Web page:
If this causes concern (the original dependency makes a heavyweight connection to a resource or is otherwise undesireable for testing), then an Interface or Abstract class should be used to represent the dependency, with the Mock as a totally seperate implementation:

MockObject 2.jpg

Another potential difficulty exists where the dependency cannot be changed (to extract an interface), and cannot be directly subclassedsubclassed (it is final or sealed). In this case, it must be wrapped in order for the ClassUnderTest to be testable:

MockObject 3.jpg

This requires the ClassUnderTest to be altered to hold a DependencyWrapper, rather than the original dependency type.

These two techniques can be combined, to avoid instantiating the RealDependency at test-time, without changing it (or attempting to subclass it):

MockObject 4.jpg

Questions, concerns, credibility checks

  • The mock ususally must be conditionable and inspectable, whereas the object it replaces likely is neither, in well-encapsulated systems. Therefore, the mock must have additional capabitlites. When creating hand-crafted mocks through subclassing, additional methods are created to allow for conditioning and inspection (the setState() and checkCalls() methods in our pseudo code example above). With automated tools, such as NMock and EasyMock, usually a second object called a "control" is presented as a sort of "remote control" to allow for this additional behavior.
  • The mock must be inserted into the Class Under Test somehow, replacing the real dependency. In our example, the Class Under Test took its dependency via the constructor. This is called dependency injection, and can be a good solution. However the use of object factories and the Factory Method pattern is sometimes preferable.
  • The use of the Factory Method is often termed [Endo-Testing.]
  • An inspectable mock allows for the test of a workflow. If, for instance, we wish to write a test for the behavior associated with the method m2(pqr):void in ClassUnderTest above, we note that such a test would be impossible due to the void return from the method. We can test that m2 does what it is supposed to do by examining, after the fact, what happens to the dependency if said dependency is represented by an inspectable mock object. However, this technique should not be overused as it couples the test to this particular implementation, and thus could impede future refactoring. We only want to test workflows when the delegation itself is a behavior that needs to be tested on its own (as is usually true with void returns).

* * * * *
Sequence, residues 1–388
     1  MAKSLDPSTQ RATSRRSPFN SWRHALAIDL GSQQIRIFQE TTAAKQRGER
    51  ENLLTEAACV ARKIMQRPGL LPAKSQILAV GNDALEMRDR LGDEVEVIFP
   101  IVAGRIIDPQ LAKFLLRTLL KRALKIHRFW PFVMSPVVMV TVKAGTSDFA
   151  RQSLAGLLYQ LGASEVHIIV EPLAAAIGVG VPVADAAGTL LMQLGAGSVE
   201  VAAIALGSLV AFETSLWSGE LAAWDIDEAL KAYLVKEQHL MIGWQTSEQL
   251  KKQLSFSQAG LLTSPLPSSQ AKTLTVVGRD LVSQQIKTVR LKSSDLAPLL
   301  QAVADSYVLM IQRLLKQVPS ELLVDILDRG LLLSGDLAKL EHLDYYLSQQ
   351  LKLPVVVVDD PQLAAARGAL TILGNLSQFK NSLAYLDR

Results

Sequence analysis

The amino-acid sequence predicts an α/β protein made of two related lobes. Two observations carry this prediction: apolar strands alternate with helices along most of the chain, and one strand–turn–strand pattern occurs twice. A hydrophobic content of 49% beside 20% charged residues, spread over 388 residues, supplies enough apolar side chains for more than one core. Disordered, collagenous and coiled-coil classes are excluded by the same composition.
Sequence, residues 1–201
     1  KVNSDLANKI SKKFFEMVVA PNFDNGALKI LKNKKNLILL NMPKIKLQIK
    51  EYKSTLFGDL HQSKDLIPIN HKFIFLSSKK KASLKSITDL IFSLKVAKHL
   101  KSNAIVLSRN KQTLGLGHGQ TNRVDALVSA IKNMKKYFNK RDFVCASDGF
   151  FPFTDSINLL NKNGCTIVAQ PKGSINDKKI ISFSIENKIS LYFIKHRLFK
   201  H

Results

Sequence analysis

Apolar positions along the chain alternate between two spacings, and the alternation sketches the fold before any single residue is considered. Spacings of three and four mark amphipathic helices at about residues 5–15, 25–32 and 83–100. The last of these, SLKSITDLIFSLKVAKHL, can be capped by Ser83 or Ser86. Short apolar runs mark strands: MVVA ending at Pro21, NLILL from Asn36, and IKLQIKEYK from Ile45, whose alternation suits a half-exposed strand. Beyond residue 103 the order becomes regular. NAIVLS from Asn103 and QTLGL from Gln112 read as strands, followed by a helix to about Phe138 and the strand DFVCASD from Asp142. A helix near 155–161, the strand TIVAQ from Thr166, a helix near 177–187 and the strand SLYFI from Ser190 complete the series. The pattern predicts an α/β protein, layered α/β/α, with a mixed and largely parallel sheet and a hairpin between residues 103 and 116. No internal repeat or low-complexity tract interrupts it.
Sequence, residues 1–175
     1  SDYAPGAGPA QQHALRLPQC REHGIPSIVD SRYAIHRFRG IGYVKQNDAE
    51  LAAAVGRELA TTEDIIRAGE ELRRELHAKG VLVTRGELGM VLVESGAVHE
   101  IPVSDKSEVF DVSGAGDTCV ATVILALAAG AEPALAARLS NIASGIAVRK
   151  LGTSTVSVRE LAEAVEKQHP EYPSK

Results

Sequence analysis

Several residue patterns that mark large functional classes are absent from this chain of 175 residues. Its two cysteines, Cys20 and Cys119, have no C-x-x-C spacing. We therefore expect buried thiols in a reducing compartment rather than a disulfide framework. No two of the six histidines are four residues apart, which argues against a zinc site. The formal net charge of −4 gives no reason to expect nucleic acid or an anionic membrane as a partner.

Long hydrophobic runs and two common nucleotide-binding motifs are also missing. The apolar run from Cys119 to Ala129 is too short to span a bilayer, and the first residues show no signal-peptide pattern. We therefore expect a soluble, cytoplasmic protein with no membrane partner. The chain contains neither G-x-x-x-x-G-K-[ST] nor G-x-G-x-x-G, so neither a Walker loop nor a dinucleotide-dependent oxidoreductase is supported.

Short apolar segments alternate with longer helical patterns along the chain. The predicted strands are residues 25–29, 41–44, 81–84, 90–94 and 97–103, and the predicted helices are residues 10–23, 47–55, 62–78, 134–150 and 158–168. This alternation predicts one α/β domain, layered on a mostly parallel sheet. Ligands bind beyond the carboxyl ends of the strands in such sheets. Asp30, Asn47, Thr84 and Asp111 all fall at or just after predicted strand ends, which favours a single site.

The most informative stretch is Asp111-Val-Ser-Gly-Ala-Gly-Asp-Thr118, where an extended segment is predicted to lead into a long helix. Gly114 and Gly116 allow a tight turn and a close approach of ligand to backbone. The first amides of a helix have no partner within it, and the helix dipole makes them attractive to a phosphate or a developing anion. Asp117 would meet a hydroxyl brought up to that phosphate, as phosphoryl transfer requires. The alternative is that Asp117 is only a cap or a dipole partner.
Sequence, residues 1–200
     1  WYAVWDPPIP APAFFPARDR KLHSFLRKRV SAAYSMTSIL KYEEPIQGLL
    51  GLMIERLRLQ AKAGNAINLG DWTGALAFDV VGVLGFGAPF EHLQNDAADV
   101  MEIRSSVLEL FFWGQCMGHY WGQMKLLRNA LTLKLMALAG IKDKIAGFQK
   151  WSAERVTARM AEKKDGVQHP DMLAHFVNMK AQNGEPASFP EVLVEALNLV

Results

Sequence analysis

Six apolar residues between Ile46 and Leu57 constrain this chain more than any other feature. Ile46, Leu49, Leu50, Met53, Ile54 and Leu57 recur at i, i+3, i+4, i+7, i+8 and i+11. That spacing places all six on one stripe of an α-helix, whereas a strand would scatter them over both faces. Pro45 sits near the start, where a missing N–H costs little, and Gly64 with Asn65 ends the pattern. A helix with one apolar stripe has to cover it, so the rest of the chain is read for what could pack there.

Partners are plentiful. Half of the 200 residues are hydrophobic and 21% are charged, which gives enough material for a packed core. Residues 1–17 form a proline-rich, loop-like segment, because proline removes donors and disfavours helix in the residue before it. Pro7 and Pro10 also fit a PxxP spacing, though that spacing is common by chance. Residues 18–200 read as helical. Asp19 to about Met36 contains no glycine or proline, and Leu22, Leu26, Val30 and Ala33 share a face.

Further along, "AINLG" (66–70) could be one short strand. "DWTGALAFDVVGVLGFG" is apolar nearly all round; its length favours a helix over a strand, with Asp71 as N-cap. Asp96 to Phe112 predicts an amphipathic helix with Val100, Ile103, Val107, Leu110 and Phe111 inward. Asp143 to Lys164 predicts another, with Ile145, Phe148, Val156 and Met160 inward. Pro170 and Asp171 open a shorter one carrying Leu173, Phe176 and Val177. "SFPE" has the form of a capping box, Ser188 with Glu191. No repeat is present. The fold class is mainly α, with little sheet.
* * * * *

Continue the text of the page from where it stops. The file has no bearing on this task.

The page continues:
Options in implementation

Whether a mock is hand-crafted or generated by a tool, it is usually considered as a seperate object from both the Class Under Test and the Test itself. However, if the issue is simple, one can use the test itself as a 'shunt':

public class Test : Dependency{

    private ClassUnderTest myCUT;
    private val expectedReturn;

    public void setUp() {
        expectedReturn = someKnownValue;
        myCUT = new ClassUnderTest(this);
    }

    public void testM1(){
        shuntState=testValue;
        result = myCUT.m1(knownParameter);
        Assert.areEqual(expectedReturn, result, "should get known result given test parameter and value");
    }

    public void testM2(){
        myCUT.m2(knownParameter);
        Assert.areEqual("getState() called", calls, "should use dependency via getState() methhod");
    }

    // Shuting State and Methods
    private val shuntState;
    private String calls;

    public val getState() {
        return shuntState;
        calls += "getState() called");
    }
}

This is called "self shunt."

Because the test 'is' the mock, no conditioning or inspection methods are needed. The downside, of course, is that the test's cohesion is weakened. It also requires making the test implement the dependency interface, which may not be possible in some frameworks.

A third alternative is to make the mock an 'inner class' of the test. This reduces communication overhead, because an inner class can access the state of its enclosing class.

This is called an "inner shunt".

public class Test {

    private ClassUnderTest myCUT;
    private val expectedReturn;
    private val shuntState;
    private String calls;

    public void setUp() {
        expectedReturn = someKnownValue;
        myCUT = new ClassUnderTest(new Shunt());
    }

    public void testM1(){
        shuntState=testValue;
        result = myCUT.m1(knownParameter);
        Assert.areEqual(expectedReturn, result, "should get known result given test parameter and value");
    }

    public void testM2(){
        myCUT.m2(knownParameter);
        Assert.areEqual("getState() called", calls, "should use dependency via getState() methhod");
    }

    private inner class Shunt : Dependency {
        public val getState() {
            return shuntState;
            calls += "getState() called");
        }
    }
}

Consequent Forces

Testing issues

Mock Objects are great enablers of testing and good design, because:

  • Dependencies are reduced/eliminated.
  • Tests will run faster (if, for instance, we do not hit the actual database)
  • Once we mock out everything we can, if testing is still difficult this is likely revealing a weakness in design.


Cost-Benefit (gain-loss)

Hand-crafted mocks can add maintainence burdens to a team, because there are more classes to create, maintain, and track. Also, because of this, teams will sometimes create mocks that are overly simple, which can lead to unrealistic testing scenarios.

These problems can be greatly ameliorated by automating the production of mocks. Some example are:

Visit [www.mockobjects.com] for more options.